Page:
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‘They can take our Irn Bru, but they’ll never take our freedom!’ Scots blast Trump for soda ban

‘They can take our Irn Bru, but they’ll never take our freedom!’ Scots blast Trump for soda ban
Irn Bru-hued Donald Trump has committed a grave act of sacrilege in Scotland – banning the nation’s favorite drink from his golf club in Ayrshire. Horrified Scots have taken to social media to vent their fury at the Irn Bru ban.

So why ban Scotland’s drink of choice in the first place? According to staff, the orange soda could irreversibly stain the luxury club’s plush carpets. Turnberry’s General Manager Ralph Porciani told the Ayrshire Post: “We can’t have it staining when to replace the ballroom carpet would be £500,000 ($680,000) alone. We have villas here with Irn-Bru stains in the carpets which I can’t let.”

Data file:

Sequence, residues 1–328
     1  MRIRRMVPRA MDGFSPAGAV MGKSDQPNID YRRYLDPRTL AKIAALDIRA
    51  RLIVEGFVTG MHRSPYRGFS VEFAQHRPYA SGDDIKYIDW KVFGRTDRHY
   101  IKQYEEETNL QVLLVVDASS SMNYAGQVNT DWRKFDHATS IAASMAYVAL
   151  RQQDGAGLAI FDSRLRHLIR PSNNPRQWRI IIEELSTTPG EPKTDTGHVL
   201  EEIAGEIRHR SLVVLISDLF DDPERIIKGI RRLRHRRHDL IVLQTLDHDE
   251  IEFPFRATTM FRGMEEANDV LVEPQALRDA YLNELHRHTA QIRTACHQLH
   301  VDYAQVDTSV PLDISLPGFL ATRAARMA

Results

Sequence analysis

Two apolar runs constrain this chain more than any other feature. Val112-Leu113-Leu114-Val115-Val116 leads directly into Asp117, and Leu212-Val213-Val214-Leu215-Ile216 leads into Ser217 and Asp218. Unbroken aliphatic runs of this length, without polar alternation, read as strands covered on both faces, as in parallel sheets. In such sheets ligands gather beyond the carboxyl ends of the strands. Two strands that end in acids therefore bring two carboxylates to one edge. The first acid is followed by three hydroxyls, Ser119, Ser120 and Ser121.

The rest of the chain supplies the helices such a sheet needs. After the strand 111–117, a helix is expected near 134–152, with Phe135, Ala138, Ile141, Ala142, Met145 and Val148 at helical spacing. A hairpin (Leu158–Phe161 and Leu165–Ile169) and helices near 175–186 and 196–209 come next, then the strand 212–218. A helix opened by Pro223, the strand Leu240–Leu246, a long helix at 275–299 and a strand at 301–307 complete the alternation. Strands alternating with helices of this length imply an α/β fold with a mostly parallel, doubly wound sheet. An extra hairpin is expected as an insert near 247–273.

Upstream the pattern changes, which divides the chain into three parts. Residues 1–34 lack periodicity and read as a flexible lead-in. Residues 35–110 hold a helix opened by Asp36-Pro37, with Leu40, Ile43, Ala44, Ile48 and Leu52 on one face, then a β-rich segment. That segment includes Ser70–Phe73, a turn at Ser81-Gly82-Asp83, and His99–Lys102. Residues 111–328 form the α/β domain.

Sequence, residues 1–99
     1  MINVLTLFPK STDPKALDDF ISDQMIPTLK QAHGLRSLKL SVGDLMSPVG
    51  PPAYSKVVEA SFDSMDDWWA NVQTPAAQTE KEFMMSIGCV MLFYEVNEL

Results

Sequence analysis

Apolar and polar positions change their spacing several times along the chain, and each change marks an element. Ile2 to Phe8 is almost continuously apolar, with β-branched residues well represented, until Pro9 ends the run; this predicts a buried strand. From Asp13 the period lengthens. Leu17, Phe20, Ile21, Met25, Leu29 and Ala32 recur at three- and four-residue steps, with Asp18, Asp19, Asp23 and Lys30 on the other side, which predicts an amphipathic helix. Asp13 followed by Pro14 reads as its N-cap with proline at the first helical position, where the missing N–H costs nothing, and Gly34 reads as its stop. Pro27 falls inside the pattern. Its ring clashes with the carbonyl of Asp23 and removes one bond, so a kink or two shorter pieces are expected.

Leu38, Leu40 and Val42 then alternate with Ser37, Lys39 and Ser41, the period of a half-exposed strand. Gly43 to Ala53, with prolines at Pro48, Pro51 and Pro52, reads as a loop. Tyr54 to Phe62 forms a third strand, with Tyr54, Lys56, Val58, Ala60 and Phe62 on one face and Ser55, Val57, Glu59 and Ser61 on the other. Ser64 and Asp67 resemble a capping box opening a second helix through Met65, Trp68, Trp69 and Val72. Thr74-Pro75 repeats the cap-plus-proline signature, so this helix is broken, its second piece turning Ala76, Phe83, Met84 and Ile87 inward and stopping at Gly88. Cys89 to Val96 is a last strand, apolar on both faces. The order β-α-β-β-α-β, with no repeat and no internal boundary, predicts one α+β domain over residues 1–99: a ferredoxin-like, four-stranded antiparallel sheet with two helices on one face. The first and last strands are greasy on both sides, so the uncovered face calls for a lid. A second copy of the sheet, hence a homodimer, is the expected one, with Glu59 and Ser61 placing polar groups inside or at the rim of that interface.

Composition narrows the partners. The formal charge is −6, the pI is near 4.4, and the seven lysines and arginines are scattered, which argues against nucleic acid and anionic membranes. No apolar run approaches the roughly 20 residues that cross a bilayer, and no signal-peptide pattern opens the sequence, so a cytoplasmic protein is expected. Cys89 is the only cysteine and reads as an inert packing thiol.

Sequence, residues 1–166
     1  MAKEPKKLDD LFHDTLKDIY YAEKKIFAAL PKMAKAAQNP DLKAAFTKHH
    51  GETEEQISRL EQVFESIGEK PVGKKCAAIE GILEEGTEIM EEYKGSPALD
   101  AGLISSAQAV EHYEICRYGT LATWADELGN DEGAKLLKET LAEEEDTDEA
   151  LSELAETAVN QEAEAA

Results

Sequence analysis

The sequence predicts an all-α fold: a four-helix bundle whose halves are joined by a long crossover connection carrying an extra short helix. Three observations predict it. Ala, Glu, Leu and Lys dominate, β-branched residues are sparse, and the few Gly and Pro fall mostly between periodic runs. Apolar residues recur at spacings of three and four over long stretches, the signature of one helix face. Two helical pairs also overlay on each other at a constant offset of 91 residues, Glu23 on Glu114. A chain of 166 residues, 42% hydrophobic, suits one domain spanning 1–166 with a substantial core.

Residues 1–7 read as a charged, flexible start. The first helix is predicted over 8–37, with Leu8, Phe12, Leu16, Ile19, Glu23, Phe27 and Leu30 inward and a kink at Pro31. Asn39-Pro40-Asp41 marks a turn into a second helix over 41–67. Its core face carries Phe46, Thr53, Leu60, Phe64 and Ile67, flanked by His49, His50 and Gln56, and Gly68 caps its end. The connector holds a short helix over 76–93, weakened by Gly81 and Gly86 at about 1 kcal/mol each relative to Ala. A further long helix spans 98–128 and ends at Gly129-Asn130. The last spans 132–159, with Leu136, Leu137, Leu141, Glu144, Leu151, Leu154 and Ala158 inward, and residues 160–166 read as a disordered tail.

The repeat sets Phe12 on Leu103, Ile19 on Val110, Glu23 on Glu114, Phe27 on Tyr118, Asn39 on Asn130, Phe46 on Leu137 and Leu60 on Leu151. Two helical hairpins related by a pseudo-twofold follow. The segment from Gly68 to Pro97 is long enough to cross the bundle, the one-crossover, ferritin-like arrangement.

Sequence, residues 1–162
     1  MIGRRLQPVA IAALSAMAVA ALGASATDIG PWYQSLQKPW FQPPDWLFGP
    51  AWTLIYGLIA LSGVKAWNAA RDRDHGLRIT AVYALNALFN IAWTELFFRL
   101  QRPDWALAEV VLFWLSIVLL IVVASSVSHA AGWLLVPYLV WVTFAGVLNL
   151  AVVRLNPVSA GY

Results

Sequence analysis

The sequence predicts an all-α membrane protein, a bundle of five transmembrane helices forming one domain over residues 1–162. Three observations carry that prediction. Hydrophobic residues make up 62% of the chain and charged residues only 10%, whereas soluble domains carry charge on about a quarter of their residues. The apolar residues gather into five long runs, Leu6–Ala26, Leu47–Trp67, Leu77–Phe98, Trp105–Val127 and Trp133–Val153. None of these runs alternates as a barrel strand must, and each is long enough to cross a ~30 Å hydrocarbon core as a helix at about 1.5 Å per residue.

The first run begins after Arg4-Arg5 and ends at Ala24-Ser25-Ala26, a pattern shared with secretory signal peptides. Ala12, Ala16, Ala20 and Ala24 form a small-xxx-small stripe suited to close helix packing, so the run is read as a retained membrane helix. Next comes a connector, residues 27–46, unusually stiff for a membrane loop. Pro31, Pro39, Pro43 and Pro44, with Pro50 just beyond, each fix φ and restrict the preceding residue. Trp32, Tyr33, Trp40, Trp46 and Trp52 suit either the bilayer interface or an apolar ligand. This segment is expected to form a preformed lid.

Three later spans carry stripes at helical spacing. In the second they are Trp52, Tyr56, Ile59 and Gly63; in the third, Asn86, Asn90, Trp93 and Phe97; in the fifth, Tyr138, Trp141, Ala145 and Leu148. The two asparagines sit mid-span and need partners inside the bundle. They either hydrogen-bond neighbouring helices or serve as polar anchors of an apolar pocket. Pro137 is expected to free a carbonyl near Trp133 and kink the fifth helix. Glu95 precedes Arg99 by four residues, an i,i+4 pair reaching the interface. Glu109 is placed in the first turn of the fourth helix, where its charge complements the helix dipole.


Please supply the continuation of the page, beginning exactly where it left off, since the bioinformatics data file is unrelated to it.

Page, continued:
The POTUS, whose mother was born on the Isle of Lewis, also owns a golf course in Aberdeenshire. However, it has not yet been confirmed whether Irn-Bru has also been added to the list of contraband items at the Trump International Golf Links resort.

The ban has left Scots in shock, with many taking to Twitter to air their feelings about the American president’s ban on their favourite fizzy drink.

A spoof Irn-Bru account boasting nearly 11,000 followers tweeted the POTUS directly, vowing not to be broken by sticks, stones… or soda pop bans. Others suggested they fire at the American president with a water cannon filled with the orange drink.

Despite The Donald’s love for Scotland, the feeling is not quite reciprocated en-masse. In 2016, 50 left-wing activists forced their way into two of Trump's hotel resorts in Scotland to protest a man they called "one of the world's most prominent racists." In 2017, a Scottish woman sued one of Trump’s golf courses after staffers photographed her weeing without her knowledge or consent.

The embattled American president is expected to meet Queen Elizabeth II at Balmoral when he visits the UK this summer.

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